In WebGPU, we don’t set individual resources through an API like setTexture:index: or setSampler:index: as we can in Metal. Instead, resources are bound in collections called bind groups.

A bind group is an object that represents a collection of resources that can all be bound at once. This can be significantly more efficient than binding resources one at a time, and we can partition our bind groups by how often resource bindings change (per-frame, per-instance, etc.) to minimize the work done by the driver.

Bind groups are created by passing a bind group descriptor to the device’s createBindGroup() function. The bind group descriptor has a layout and an array of entries.

A bind group layout describes which stages the bind group’s resources are visible to. We have the option of creating our own bind group layouts, but it’s easier to request them from a previously compiled pipeline via reflection with the getBindGroupLayout() function.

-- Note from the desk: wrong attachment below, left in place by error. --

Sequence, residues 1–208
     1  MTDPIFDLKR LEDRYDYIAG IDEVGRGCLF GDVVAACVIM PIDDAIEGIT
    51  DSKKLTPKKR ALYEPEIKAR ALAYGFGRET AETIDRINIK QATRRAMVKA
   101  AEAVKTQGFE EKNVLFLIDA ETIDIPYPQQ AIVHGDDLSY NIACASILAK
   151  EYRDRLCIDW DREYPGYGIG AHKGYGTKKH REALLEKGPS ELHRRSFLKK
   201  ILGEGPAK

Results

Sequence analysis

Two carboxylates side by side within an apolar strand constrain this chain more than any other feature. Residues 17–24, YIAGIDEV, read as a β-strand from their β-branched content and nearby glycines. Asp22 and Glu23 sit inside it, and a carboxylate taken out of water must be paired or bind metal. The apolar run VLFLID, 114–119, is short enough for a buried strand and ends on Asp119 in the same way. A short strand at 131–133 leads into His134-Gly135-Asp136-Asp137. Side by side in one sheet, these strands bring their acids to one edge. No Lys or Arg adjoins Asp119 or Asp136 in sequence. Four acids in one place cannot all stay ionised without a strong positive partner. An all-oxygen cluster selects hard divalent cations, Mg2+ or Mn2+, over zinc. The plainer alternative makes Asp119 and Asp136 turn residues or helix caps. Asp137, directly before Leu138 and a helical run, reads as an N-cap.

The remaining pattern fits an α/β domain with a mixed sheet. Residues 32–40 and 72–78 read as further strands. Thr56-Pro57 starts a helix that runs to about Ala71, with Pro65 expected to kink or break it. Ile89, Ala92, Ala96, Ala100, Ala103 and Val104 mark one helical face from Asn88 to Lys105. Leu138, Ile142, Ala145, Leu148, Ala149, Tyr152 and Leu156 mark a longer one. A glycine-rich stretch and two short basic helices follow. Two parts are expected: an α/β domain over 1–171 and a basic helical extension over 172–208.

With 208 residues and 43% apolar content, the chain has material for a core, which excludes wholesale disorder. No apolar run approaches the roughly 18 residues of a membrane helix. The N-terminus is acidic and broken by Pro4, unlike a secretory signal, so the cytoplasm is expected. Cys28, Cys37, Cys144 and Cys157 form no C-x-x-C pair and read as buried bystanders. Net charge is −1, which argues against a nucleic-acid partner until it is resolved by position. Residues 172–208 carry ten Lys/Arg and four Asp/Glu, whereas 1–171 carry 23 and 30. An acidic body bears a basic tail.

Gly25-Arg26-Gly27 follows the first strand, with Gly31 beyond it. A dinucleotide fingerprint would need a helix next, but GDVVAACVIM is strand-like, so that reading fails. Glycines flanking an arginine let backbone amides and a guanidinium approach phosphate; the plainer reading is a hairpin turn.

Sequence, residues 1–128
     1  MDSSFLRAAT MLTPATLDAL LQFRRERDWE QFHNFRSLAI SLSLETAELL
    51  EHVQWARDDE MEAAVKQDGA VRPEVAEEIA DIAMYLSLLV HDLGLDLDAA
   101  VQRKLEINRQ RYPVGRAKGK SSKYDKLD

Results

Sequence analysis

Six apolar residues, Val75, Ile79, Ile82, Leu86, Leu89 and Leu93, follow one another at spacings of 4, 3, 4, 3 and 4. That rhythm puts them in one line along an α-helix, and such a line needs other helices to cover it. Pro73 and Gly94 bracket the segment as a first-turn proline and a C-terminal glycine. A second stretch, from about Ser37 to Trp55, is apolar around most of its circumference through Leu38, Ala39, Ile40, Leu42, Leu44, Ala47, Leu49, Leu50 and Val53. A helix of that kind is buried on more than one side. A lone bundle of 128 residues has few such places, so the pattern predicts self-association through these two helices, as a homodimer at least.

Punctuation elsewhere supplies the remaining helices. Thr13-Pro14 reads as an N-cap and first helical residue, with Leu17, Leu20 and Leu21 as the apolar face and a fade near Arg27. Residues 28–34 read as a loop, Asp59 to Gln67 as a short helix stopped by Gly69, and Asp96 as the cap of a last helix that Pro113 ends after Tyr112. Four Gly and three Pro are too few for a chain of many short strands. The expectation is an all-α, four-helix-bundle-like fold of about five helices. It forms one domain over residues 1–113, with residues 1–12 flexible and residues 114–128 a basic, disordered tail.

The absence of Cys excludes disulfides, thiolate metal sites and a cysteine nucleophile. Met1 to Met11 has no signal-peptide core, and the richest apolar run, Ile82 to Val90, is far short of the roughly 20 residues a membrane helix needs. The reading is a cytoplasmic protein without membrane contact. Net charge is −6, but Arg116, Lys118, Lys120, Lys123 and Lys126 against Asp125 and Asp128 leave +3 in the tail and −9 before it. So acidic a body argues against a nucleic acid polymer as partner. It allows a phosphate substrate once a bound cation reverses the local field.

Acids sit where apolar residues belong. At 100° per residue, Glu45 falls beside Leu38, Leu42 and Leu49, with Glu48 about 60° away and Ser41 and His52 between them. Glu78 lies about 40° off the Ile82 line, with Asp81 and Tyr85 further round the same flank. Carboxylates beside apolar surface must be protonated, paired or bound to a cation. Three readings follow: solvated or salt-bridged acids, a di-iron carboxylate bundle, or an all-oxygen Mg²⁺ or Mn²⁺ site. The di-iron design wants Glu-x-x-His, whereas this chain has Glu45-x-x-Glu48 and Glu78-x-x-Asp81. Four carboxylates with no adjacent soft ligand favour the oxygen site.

A bind group entry describes a single resource to be bound in its containing bind group. It has a binding index and a resource, which is the actual resource that will be bound.

We will use two separate bind groups: one that holds the resources related to texturing, and another that holds uniform data.

The first bind group holds the sampler, the terrain color texture, and the terrain heightmap texture:

frameConstantsBindGroup = device.createBindGroup({
  layout: renderPipeline.getBindGroupLayout(0),
  entries: [{
    binding: 0,
    resource: linearSampler
  }, {
    binding: 1,
    resource: colorTexture.createView()
  }, {
    binding: 2,
    resource: heightmapTexture.createView()

The second bind group has a single entry: the buffer containing our instance data.

instanceBufferBindGroup = device.createBindGroup({
  layout: renderPipeline.getBindGroupLayout(1),
  entries: [{
    binding: 0,
    resource: { 
      buffer: instanceBuffer

Since the set of resources we use when drawing doesn’t change from frame to frame, we can create these bind groups up front and use them repeatedly.